PTSD and its symptoms of hyper-vigilance, anxiety, anger, overreaction and helplessness are strongly associated with repeated subjection to danger that cannot be fought off or even seen coming. Think about it for a moment…

In “conventional” war, from World War II through the first Gulf War, there was a clear front line and you knew when you were in danger and when you probably were not. As traumatic as those conflicts could be, you had “down time”.

However, in a “Vietnam-like” scenario – which is exactly the kind of conflict allied forces have faced in Iraq and Afghanistan – you can never know what’s about to hit you. There is no clear, visible enemy to fight, everyday life can turn into a battlefield instantly and the next IED may be right around the corner. The repeated tours of front-line duty typical of Afghanistan and Iraq have actually exceeded those of any previous war in terms of prolonged exposure to this hideously complex war environment.

However, many types of traumatic events, and particularly repeated or sudden traumas, can generate PTSD in the civilian population. Auto accident victims, victims of childhood abuse and civilian victims or war and terrorism are among the most frequent groups of PTSD sufferers.

What We Can Do About It

Veterans’ organisations are generally very good at educating people about the basics of helping someone with PTSD. Patience and support are crucial, because by the nature of the disorder, the person suffering from it will often drive people away and destroy all ties with ordinary life. It is therefore important when acknowledging the condition to offer support and, in professional settings, to make it clear that while they should seek treatment, there will be no professional repercussions. The two essential points to remember with PTSD are to make sure those who suffer it get help, which they will often resist, and that as difficult as the symptoms may be for everyone, it is essential to give PTSD sufferers a stable professional and personal support system while they work through the disorder.

With that support structure in place, how can we ultimately deal with the condition? Numerous methods of treatment have been tried, from talk therapy and pharmaceutical medication to hypnosis and virtual reality therapy, with varying results. In many cases, without a substantial reduction in the underlying condition, the patient ultimately gives up.

In this video, Jacob White, a Vietnam veteran and Tai Chi master, talks about his own struggle with PTSD and how he used the techniques of Tai Chi to transform his inner state. What I like about this video is that Jacob underscores the transformation that needs to take place from the reactions and default settings of a soldier to those of a warrior, which is a fundamental change in how we process the world.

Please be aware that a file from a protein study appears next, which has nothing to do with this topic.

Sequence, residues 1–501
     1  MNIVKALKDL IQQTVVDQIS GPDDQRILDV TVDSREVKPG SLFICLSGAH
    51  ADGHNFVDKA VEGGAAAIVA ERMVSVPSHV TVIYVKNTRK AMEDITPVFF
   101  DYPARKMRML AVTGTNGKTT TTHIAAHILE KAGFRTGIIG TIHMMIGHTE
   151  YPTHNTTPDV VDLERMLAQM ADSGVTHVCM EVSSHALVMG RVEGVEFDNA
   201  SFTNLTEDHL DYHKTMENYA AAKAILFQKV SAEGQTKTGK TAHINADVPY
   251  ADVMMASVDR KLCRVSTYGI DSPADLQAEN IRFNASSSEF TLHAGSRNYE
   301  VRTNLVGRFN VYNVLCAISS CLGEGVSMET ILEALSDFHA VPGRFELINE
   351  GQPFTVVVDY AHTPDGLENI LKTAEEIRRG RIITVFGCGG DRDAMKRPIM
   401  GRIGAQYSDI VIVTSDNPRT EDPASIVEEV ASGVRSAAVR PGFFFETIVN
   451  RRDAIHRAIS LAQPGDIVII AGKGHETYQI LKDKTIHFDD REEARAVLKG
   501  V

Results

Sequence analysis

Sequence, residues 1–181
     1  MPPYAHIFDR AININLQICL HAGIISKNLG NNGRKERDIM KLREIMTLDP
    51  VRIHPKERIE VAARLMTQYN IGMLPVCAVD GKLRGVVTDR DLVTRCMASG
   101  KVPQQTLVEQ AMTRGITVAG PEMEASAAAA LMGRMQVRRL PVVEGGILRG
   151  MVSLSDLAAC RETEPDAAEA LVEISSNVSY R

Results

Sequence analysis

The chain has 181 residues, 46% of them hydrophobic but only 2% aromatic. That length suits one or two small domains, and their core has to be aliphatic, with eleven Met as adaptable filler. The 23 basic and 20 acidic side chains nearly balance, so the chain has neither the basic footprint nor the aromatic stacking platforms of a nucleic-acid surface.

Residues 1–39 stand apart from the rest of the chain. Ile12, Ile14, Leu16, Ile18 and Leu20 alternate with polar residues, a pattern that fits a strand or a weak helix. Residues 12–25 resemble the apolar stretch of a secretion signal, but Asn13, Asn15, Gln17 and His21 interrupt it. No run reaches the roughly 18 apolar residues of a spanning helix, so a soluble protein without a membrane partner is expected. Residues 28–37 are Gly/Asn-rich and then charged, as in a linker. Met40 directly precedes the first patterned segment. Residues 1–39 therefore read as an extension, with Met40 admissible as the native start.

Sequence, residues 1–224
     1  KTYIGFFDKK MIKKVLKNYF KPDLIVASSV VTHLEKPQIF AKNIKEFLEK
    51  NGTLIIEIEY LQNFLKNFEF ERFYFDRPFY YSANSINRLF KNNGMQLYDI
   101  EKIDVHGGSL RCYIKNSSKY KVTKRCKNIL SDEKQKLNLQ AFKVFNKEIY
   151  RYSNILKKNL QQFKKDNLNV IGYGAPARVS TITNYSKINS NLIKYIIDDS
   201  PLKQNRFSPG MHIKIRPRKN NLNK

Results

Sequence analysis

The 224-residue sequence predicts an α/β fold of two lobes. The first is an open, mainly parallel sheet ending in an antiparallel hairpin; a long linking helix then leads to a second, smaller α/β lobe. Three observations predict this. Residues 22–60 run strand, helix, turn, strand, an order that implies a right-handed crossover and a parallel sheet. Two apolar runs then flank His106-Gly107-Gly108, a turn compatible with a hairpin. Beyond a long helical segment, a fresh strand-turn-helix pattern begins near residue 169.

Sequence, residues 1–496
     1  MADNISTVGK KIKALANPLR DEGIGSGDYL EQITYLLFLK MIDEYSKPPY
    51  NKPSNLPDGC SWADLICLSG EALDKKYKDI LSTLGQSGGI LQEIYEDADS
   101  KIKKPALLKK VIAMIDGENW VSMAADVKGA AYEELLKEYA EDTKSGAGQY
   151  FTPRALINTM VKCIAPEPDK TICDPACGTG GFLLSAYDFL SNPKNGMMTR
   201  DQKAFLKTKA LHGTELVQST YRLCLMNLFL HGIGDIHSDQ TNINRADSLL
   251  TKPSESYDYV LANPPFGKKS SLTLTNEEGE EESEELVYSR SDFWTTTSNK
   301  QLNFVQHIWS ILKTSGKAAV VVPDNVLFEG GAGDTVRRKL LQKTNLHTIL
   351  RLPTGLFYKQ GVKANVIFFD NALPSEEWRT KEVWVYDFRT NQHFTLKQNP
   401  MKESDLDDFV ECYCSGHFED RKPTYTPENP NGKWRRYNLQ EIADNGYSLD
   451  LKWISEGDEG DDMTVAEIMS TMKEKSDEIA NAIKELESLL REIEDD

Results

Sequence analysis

The Warrior Within from Jacob White on Vimeo.

Tai Chi is one avenue of work that has shown promise with PTSD, but there are a number of other approaches that have as well. Thought-Field Therapy (TFT) and Emotional Freedom Technique (EFT) are approaches combining acupuncture point pressure with cognitive exercises which have shown startling results in several peer-reviewed studies. In studies with child survivors of the Rwandan Genocide and combat veterans where the subjects were assessed using standard PTSD checklist measures, decreases across most symptom areas of 40% or more were recorded, and retained over time after 90-day and 1-year follow-ups (1). A control study with EFT showed that after three months, 86% of treated subjects no longer met clinical criteria for PTSD (Presented at Society of Behavioral Medicine 2010). In some studies, brainwaves were monitored before and after the therapy, and showed significant change.

TFT and EFT are among the most basic tools of Energy Psychology. The deeper baggage of traumatic events often takes more sophisticated tools to root out. It is in areas like cognitive reframing and the relationship between cognition, emotions and the body’s neurochemical responses that some interesting studies are being done. Psychoneuroimmunology, which studies this relationship, has found that PTSD sufferers literally have an altered biochemistry caused by the relationship between emotional states and immune system triggers.

In any case, it is reassuring to know that the decades-long struggles of PTSD sufferers of previous generations need not be repeated, that the condition can not only be managed, but substantially reduced.

Do you know any PTSD sufferers or those caring for them? Let’s get the word out that there is hope!

~ Dr. Symeon Rodger

(1) (Traumatology, (2010), 15(1), 45-55; International Journal of Emergency Mental Health, Winter 2010, 12(1), 41-50; and International Journal of Healing and Caring, September 2009, 9(3)).

The Story Trap

Storytelling is a basic human quality. We are incapable of understanding our world without forming stories to understand it. Sharing stories is a basic function of community and culture. But when control of those stories becomes a tool used by those in power to induce us to think and act in a certain way, we need to be more conscious than ever of how stories affect the tone, the actions and the liberty of a society.

Dividing Stories

In America today, as in many Western countries, the political function of story is largely to divide, to suppress constructive dialogue and to encourage polarisation of the public. This is seen as useful not only by the politicians but by pressure groups of one sort or another who advocate ideologies.